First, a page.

The Importance of Hugs and Loving Touches…

Our Children And Teens Never Grow Too Old (or too cool!) to Need Connection With Us…

We tend to recognize the fact that babies need lots of loving touches. We hold them against our skin. We carry them next to our heart. We soothe them by gently smoothing their hair or massaging their tiny hands and feet. But as they grow, we may not consider how often we touch, how we touch, and the importance of touch.

In fact, there’s research that shows that positive touch can have powerful effects and those findings have significant implications for family life. Touch can deepen intimacy in any relationship creating safety and trust and a sense of well-being. It offers health benefits as well. A study found that those who hugged more were more resistant to colds and other stress-induced illnesses. They found that the support felt particularly through caring touch helped boost immunity.1 Another study measured the brain activity of participants who were lying in an fMRI scanner anticipating a blast of loud white noise. Those who experienced it alone showed that the regions in the brain that are responsible for threat and stress were highly activated. But the participants who had their romantic partner alongside them stroking their arm didn’t show a threat or stress reaction at all.2 As we assist our kids in dealing with the day-to-day stressors of life, touch needs to be on our radar as a strategy that works.

In previous generations, touch was limited since there were worries too much might spoil a child. My Mom recalls reading about the importance of touch and holding babies in the early 1970s when she was raising me while she feverishly read the only parenting guide available at that time, Dr. Spock’s “Common Sense Book of Baby and Child Care” that sold over 50 million copies. Her mother had been advised to keep her distance. And because my mother wasn’t held or touched much as a child, it felt unnatural to her as a newborn-w-mom-and-dad-by-jennifer-millerMom. Yet she knew it was important to me. So she made a daily hug a part of our routine. And I certainly benefitted from the love and closeness we maintain to this day.

Teachers have long used touch as a way to redirect students who are daydreaming or off task. A simple touch on the shoulder can be enough to help a wandering mind focus on the present. Parents can use this as well. Instead of correcting a misstep your child knows she’s not supposed to be engaged in, try a shoulder touch instead and see if you might communicate through touch alone.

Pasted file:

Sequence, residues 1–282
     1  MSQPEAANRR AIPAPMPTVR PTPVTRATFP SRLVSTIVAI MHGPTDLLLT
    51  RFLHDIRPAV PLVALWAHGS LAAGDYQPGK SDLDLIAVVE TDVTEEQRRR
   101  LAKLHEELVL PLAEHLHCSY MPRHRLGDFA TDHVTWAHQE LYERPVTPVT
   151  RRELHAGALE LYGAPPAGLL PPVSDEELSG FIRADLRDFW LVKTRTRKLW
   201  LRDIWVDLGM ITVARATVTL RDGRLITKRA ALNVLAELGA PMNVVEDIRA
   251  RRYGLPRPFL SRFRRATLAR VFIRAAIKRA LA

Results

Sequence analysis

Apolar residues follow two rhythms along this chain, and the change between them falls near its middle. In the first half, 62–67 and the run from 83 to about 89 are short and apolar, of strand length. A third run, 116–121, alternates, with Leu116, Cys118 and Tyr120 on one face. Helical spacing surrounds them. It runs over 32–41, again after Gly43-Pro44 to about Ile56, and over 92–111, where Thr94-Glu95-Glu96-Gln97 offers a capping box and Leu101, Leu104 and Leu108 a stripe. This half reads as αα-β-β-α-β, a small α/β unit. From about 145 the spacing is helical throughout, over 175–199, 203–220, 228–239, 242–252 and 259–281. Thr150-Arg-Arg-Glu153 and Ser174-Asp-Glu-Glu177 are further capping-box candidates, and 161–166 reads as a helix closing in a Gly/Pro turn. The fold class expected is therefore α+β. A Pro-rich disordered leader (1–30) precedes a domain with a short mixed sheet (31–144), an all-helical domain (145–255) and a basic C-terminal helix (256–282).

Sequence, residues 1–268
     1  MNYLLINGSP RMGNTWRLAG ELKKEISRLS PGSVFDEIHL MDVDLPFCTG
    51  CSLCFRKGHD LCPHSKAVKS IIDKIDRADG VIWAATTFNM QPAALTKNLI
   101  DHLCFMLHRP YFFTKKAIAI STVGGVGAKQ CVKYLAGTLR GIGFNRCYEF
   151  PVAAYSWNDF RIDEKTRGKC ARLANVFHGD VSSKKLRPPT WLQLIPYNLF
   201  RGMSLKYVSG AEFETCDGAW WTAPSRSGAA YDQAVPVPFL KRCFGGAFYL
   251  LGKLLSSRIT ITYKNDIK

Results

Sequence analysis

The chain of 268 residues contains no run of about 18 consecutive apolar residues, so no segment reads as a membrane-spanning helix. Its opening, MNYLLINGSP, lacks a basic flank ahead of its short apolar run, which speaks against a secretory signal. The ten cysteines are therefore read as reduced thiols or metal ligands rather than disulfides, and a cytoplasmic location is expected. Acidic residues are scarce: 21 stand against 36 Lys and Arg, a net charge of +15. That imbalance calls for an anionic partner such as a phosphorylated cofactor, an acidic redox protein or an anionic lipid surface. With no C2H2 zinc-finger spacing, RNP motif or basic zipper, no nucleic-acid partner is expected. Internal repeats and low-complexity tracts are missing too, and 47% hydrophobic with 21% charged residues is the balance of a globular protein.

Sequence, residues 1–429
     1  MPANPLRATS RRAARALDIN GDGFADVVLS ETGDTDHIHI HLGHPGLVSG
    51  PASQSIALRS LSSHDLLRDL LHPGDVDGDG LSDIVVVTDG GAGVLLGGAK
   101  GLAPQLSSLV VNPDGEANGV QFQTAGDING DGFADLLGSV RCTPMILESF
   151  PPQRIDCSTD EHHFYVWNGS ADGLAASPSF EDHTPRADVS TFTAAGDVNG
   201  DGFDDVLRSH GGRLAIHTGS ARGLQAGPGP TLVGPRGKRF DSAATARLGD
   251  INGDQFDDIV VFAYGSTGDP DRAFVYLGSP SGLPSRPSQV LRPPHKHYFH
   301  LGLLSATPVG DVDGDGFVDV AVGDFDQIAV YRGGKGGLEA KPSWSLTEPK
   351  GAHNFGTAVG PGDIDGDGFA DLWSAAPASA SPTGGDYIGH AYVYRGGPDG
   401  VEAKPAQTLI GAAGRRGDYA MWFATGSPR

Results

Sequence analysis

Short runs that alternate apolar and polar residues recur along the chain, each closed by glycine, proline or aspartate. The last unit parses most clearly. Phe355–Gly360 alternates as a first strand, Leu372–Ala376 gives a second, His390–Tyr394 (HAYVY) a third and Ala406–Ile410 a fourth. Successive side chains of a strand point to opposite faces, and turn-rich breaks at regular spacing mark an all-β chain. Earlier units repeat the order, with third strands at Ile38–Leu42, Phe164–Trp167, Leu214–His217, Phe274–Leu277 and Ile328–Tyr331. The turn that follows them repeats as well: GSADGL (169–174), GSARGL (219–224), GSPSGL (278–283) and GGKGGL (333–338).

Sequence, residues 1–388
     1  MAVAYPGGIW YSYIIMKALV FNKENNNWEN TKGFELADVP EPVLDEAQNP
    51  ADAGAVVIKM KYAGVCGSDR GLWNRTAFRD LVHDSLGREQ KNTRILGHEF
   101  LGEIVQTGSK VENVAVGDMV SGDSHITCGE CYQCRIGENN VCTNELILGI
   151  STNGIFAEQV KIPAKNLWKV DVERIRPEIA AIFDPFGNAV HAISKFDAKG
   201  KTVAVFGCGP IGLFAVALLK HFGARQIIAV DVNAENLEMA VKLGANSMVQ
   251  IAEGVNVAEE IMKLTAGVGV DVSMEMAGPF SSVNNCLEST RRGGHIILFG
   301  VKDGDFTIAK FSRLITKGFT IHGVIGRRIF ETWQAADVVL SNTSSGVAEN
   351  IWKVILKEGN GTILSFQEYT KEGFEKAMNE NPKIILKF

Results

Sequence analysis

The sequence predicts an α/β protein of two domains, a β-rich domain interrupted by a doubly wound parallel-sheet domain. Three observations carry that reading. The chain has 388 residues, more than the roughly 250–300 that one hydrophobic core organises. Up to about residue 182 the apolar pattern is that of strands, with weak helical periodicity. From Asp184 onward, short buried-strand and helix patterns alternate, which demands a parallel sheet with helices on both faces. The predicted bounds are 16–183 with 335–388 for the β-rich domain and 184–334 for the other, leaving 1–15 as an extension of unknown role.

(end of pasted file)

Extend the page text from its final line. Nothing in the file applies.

Touch can also be a direct communicator of emotions. In fact, researchers tested this theory with an interesting experiment. They had a participant put his arm through a hole in a wall so that the other interacting participant could only see his arm. The one extending his arm was asked to communicate emotion only through his hand. And the other had to guess the emotion. Though there were gender differences (men interpreted men with greater accuracy and women interpreted women with greater accuracy), the guessed emotions for the same gender were up to 78% accurate.3 Can you tell what your partner or child is feeling just by touching his hand? It could be fun to try!

Kindergartners need hugs just as much as third graders, eighth graders, and those tall Juniors in high school do. Here are some ways to incorporate loving touch into your daily family routine for the benefit of all.

Create a routine time for hugs. Perhaps you already initiate hugs before you go off on your separate ways in the morning and before bed at night. Think about the routines throughout the day in which you see your family members – morning, after school, homework, sports practice, dinner, bedtime? Begin inserting a regular hug into one or more of those times and it will become an expected part of your routine. I counted up my routine hugs with my son and we hug in each of the major transitions of the day. I know that benefits my well-being just as much as his. Try it!

Find snuggle time. Instead of relegating yourselves to different chairs during movie watching time, why not snuggle together under one big blanket? Or snuggle while reading together before bedtime? It will set the tone for a good night’s sleep.

Initiate a quick homework massage. Athletes get massages to work out their tired muscles and help them relax in between games. Homework can be a stressful time for kids. They may be anticipating challenges and can feel frustrated by difficult assignments. Giving a quick shoulder massage before or during homework time can help ease the tension and may even speed up homework completion!